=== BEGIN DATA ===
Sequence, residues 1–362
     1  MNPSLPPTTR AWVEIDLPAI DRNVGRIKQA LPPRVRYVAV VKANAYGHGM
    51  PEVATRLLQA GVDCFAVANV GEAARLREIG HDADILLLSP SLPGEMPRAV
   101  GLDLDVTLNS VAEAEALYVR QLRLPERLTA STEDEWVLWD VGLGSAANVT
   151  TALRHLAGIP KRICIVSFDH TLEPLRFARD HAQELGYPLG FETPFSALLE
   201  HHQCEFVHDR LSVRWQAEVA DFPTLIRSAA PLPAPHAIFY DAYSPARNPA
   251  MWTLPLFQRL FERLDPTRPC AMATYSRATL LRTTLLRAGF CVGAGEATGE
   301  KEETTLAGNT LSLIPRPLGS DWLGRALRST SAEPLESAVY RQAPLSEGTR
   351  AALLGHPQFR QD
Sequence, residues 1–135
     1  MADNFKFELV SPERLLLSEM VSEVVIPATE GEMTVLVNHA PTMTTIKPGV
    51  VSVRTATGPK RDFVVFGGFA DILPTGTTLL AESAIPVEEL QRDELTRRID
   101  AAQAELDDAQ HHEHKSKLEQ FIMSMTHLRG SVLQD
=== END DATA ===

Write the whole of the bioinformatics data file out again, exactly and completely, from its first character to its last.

Sequence, residues 1–362
     1  MNPSLPPTTR AWVEIDLPAI DRNVGRIKQA LPPRVRYVAV VKANAYGHGM
    51  PEVATRLLQA GVDCFAVANV GEAARLREIG HDADILLLSP SLPGEMPRAV
   101  GLDLDVTLNS VAEAEALYVR QLRLPERLTA STEDEWVLWD VGLGSAANVT
   151  TALRHLAGIP KRICIVSFDH TLEPLRFARD HAQELGYPLG FETPFSALLE
   201  HHQCEFVHDR LSVRWQAEVA DFPTLIRSAA PLPAPHAIFY DAYSPARNPA
   251  MWTLPLFQRL FERLDPTRPC AMATYSRATL LRTTLLRAGF CVGAGEATGE
   301  KEETTLAGNT LSLIPRPLGS DWLGRALRST SAEPLESAVY RQAPLSEGTR
   351  AALLGHPQFR QD
Sequence, residues 1–135
     1  MADNFKFELV SPERLLLSEM VSEVVIPATE GEMTVLVNHA PTMTTIKPGV
    51  VSVRTATGPK RDFVVFGGFA DILPTGTTLL AESAIPVEEL QRDELTRRID
   101  AAQAELDDAQ HHEHKSKLEQ FIMSMTHLRG SVLQD